MRS. Gardiner's caution to Elizabeth was punctually and kindly given on the first favourable opportunity of speaking to her alone; after honestly telling her what she thought, she thus went on:
"You are too sensible a girl, Lizzy, to fall in love merely because you are warned against it; and, therefore, I am not afraid of speaking openly. Seriously, I would have you be on your guard. Do not involve yourself, or endeavour to involve him in an affection which the want of fortune would make so very imprudent
. I have nothing to say against him; he is a most interesting young man; and if he had the fortune he ought to have, I should think you could not do better. But as it is -- you must not let your fancy run away with you. You have sense, and we all expect you to use it. Your father would depend on your resolution
and good conduct, I am sure. You must not disappoint your father."
"My dear aunt, this is being serious indeed."
"Yes, and I hope to engage you to be serious likewise."
"Well, then, you need not be under any alarm. I will take care of myself, and of Mr. Wickham too. He shall not be in love with me, if I can prevent it."
"Elizabeth, you are not serious now."
"I beg your pardon. I will try again. At present I am not in love with Mr. Wickham; no, I certainly am not. But he is, beyond all comparison, the most agreeable man I ever saw -- and if he becomes really attached to me -- I believe it will be better that he should not. I see the imprudence of it. -- Oh! that abominable
Mr. Darcy! -- My father's opinion of me does me the greatest honor; and I should be miserable to forfeit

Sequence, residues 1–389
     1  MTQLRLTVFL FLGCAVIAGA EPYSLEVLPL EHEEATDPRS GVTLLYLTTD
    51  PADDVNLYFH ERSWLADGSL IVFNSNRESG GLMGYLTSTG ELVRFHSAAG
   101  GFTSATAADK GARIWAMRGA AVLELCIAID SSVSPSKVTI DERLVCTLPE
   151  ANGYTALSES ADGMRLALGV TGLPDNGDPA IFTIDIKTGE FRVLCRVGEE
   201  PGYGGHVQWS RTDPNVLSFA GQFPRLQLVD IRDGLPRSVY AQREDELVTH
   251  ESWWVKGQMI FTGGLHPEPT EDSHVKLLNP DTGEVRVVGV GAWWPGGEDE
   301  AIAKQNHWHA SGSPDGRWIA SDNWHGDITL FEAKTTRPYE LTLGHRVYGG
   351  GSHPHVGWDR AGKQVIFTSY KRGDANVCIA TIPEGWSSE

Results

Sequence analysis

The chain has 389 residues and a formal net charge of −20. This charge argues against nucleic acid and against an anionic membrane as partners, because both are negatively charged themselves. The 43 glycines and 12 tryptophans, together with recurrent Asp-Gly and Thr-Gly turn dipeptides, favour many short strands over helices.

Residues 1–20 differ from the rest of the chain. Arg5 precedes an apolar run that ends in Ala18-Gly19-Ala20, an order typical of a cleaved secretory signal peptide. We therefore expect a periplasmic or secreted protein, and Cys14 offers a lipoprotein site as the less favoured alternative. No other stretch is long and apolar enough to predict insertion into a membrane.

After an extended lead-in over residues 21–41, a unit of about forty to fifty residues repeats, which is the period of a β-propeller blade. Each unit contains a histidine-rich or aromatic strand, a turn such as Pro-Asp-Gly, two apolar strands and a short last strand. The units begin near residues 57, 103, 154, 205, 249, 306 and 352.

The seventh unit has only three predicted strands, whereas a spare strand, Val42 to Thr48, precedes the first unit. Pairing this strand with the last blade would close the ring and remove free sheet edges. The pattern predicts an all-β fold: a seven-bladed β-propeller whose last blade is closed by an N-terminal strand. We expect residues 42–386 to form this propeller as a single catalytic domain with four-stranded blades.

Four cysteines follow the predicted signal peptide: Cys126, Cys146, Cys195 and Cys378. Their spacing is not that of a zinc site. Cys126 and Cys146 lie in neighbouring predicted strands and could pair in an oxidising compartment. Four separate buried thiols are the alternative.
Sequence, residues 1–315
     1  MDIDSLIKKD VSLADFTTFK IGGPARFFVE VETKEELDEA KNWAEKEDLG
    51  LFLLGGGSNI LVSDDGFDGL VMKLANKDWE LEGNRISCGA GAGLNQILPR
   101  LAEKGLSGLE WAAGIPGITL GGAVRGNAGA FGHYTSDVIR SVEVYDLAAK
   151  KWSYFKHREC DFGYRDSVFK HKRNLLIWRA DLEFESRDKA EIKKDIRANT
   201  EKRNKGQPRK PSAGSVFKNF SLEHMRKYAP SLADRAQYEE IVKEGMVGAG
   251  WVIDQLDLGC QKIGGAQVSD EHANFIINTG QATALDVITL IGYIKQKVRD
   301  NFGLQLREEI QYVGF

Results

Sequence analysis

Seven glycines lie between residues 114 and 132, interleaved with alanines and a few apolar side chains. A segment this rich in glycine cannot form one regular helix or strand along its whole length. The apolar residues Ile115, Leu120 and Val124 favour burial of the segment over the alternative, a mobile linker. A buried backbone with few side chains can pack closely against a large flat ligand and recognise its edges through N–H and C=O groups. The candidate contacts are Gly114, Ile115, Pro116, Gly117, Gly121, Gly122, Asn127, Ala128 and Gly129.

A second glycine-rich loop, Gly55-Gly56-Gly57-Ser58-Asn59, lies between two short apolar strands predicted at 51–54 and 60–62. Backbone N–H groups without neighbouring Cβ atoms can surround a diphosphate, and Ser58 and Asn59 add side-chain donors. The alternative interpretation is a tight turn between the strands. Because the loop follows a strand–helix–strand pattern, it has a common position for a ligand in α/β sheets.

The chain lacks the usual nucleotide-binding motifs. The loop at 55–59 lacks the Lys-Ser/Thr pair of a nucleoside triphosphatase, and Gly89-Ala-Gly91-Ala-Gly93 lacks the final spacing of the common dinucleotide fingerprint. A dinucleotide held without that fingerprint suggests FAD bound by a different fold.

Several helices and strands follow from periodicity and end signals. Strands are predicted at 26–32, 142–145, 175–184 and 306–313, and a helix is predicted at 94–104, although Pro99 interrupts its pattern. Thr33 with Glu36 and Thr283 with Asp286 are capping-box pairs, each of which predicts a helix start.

it. My father, however, is partial to Mr. Wickham. In short, my dear aunt, I should be very sorry to be the means of making any of you unhappy; but since we see every day that where there is affection, young people are seldom withheld by immediate want of fortune from entering into engagements with each other, how can I promise to be wiser than so many of my fellow creatures if I am tempted, or how am I even to know that it would be wisdom to resist? All that I can promise you, therefore, is not to be in a hurry. I will not be in a hurry to believe myself his first object. When I am in company with him, I will not be wishing. In short, I will do my best."
"Perhaps it will be as well, if you discourage his coming here so very often. At least, you should not remind your mother of inviting him."
"As I did the other day," said Elizabeth, with a conscious
smile; "very true, it will be wise in me to refrain
from that. But do not imagine that he is always here so often. It is on your account that he has been so frequently invited this week. You know my mother's ideas as to the necessity of constant company for her friends. But really, and upon my honour, I will try to do what I think to be wisest; and now, I hope you are satisfied."
Her aunt assured her that she was; and Elizabeth having thanked her for the kindness of her hints, they parted; a wonderful instance of advice being given on such a point without being resented.